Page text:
Note N934 Index
Irene Connelly (Timms) says that he gained the middle name Middleton later in life. I wonder from where? The 1851 census shows him born in 1780 and his son Henery born in 1820. I have to wonder why those are so wrong.
I have his will which reads as follows:
Note N937 Index
Irene Connelly says that none of their children ever married. She has Edwin's sketch book.
In the 1851 census, William and Kezia are together with the then two alive children, as well as Kezia's mother Kezia and Edward Timms, age 49, who is described as William's brother in law.. But Kezia had no brother named Edward. So who was he? There is also a visitor, Elizabeth Cowley, age 65, from Hook Norton, Oxfordshire. In the will of Hannah Timms of Hook Norton, from 1854, she speaks of her sister in law, Elizabeth Cowley, sister of her late husband.
In the 1881 census, he is still at home with his father.
Note N938 Index
She and her siblings named Gardner were the natural children of their parents but were born before their marriage.
Note N939 Index
Her existence and birth date come from her MI. Her baptism is recorded on September 26, 1812, to an Edward and KeziaTimms of Ascot.
Note N940 Index
I may be mistaken about this given name as the parish record is very hard to read. If I have the name right, then clearly he died before his like named brother was born in 1690.
Note N941 Index
Her name is spelled both in this manner as as "Fraunces Eedes."
Note N942 Index
I cannot find his baptism but it was probably in the period after 1640 when there was a gap in the registers. I say that he died after 1680 as he is mentioned in his grandfather's will of that year. I have not found a marriage or a burial for him.
Note N943 Index
I once believed that he married Elizabeth Potter. Mike Mason has convinced me that he married Martha Groves at Shipston on Stour on May 5, 1778, and had 12 children with her there. Mike says "The above is also somewhat supported by the DNA results, coupled with the subsequent "oversights" on my part with respect to the surname spellings in the Brailes parish registers for the events for John and his children. Of the five children that John & Elizabeth (Mason/Nason) baptized at Brailes, William, Mary and Peter were baptized Nason, and John and Timothy as Mason."
Later on he added: You ask an excellent question - why the change of heart with respect to why I think it was John Nason that married Elizabeth Potter at Hook Norton in 1781, and why I think that John Mason married Martha Groves at Shipston in 1778. There are principally three reasons, the last one of which I have to admit is somewhat circumstantial:
(1) Upon a closer inspection of the Brailes registers, I located a record of the Banns at Brailes where John is listed as "John Nason" who married Elizabeth Potter at Hook Norton. Additionally, three of John & Elizabeth's children, namely William, Mary, and Peter, were all baptized as Nason (their other two children, John and Timothy, were baptized as Mason). It should also be noted, however, that John Sr. and Elizabeth's burial records were listed as Mason, and all of their male children were listed as Mason on their respective death certificates. It seems that this generation was the one that fully adopted the Mason surname, rejecting Nason for whatever reason.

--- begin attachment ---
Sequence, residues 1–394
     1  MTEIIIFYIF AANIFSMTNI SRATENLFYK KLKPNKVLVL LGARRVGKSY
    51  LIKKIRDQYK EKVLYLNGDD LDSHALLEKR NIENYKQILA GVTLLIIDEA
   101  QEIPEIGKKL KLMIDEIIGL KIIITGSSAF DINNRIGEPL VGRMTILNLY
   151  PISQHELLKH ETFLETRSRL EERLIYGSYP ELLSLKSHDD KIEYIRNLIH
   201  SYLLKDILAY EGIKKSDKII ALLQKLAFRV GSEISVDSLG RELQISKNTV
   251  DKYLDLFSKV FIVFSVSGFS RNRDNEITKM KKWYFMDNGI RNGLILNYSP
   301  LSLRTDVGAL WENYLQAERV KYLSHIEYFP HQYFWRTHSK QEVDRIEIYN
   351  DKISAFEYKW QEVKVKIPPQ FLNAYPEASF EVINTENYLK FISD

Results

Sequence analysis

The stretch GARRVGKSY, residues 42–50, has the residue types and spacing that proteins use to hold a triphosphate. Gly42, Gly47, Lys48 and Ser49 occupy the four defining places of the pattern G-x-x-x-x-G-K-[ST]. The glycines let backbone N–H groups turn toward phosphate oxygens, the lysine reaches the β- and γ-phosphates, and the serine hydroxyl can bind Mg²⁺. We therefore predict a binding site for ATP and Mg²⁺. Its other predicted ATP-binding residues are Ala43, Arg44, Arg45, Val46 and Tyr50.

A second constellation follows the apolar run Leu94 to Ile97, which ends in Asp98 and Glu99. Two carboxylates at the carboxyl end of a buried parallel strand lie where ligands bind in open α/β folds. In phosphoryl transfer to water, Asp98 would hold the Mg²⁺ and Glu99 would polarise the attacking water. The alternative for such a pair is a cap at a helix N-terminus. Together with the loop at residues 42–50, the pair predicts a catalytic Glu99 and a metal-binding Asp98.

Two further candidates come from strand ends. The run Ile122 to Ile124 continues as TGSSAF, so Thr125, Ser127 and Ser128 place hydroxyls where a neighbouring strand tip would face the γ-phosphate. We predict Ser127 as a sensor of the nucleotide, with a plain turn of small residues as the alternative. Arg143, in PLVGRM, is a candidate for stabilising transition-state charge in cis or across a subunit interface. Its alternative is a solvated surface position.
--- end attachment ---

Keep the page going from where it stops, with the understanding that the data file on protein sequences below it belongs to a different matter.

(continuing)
(2) John Mason (whom I believe was actually John Nason) died at Brailes in April of 1840. His death certificate lists his age at death as 83, which would place his birth year in approximately 1757. The John Mason, son of Richard and Mary Cross Mason was baptized in July of 1754, so the age is slightly off. But, the age fits almost exactly with that of John Nason, son of Peter & Sarah Nason of Burmington, who was baptized in February 1758. The John Mason of Shipston who was buried in Shipston in March 1832 was age 68 at death, which would place his birth year in approximately 1754 (the same year in which John Mason, son of Richard & Mary Cross Mason was baptized). Therefore, the John Mason of Shipston must be the same John Mason baptized in Brailes in 1754, and the John Nason of Burmington must have been the same John Nason that married Elizabeth Potter at Hook Norton.
(3) This final point is not dispositive, but I had always wondered where the forename of Peter came from in our family. The forename Peter coupled with either the surname of Mason or Nason is a rare finding in the parts of England that we are looking at. It makes more sense that John & Elizabeth (Potter) Nason had a son named Peter since Peter was the name of John's father, in Burmington. John & Elizabeth never had a son named Richard. Similarly, John & Martha (Groves) Mason of Shipston did have a son named Richard, since Richard was the name of John Mason's father. They did not have a son named Peter.